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Developmental Needs of Infants and Toddlers Who Require Lengthy Hospitalization

Heidi M. Feldman, MD, PhD; Dianna L. Ploof, EdD; Dena Hofkosh, MD; Earl L. Goehring Jr
Am J Dis Child. 1993;147(2):211-215. doi:10.1001/archpedi.1993.02160260101034.
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• Objectives.  —To describe demographic and medical characteristics of a sample of children younger than age 3 years who required lengthy hospitalization in a tertiary care hospital. To determine the proportion of children in the sample with biologic handicaps, developmental delays, or risk factors for developmental disorders who met eligibility criteria for early intervention services based on federal law PL 99-457 and state regulations.

Design.  —Survey of medical records.

Setting.  —Large, urban, tertiary care children's hospital. Patients.—All 135 children younger than age 3 years hospitalized for more than 30 days during 1990 and 1991. Interventions.—None.

Main Results.  —The most prevalent cause of lengthy hospitalization was congenital anomaly followed by chronic and perinatal conditions; 38 patients (28%) required technology assistance at the time of discharge. Seventy-three children (54%) were eligible for early intervention services based on the presence of a biologic handicap or developmental delay. An additional 48 patients (36%) were eligible for developmental screening and periodic developmental monitoring on the basis of medical and social risk factors.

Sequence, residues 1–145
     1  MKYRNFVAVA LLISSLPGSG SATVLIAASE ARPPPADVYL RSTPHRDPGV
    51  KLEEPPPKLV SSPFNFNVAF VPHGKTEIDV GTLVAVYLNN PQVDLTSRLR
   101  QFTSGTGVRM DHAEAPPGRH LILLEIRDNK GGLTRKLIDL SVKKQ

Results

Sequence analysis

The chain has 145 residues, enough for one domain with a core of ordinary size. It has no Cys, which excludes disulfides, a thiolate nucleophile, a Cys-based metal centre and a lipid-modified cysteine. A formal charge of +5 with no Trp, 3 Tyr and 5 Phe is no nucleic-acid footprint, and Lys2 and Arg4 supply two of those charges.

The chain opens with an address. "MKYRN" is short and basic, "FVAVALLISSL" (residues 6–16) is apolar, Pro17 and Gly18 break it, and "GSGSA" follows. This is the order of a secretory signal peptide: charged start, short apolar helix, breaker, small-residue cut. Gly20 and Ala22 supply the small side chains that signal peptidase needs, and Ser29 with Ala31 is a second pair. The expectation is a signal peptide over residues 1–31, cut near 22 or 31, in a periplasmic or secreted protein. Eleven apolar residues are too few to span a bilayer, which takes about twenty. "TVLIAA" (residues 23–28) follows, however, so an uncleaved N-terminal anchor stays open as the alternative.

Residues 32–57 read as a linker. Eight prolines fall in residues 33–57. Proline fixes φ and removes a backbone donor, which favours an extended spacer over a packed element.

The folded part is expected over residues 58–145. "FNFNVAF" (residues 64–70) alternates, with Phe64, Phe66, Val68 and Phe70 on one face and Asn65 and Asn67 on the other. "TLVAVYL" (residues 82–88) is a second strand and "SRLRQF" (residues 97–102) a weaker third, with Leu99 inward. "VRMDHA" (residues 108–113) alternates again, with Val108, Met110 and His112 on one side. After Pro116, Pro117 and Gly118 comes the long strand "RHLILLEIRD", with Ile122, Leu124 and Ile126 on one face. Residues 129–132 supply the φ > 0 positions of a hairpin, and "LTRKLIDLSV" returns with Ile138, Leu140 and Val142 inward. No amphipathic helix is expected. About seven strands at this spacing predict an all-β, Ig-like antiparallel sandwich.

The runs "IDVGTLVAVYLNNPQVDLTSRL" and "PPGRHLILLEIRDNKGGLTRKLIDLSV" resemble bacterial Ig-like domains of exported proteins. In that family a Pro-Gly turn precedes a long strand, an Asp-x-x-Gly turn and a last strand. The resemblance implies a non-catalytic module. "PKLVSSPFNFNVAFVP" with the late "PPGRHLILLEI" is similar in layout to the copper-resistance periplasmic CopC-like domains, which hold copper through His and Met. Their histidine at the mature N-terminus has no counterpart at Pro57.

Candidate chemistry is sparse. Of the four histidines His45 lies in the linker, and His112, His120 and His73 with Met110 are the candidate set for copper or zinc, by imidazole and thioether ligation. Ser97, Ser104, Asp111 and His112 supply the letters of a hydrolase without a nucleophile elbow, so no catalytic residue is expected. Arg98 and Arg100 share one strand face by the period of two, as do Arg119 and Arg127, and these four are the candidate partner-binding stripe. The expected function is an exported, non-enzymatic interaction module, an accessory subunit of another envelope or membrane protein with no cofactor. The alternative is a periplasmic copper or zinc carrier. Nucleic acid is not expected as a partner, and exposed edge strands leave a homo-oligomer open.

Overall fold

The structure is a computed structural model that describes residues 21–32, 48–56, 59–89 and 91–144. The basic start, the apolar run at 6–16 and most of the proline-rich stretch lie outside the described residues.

Conclusions.  —Because of the high prevalence of developmental disorders and risk factors in infants and toddlers requiring lengthy hospitalizations, hospital-wide systems for identification, developmental assessment, and early intervention services should be designed and implemented.(AJDC. 1993;147:211-215)


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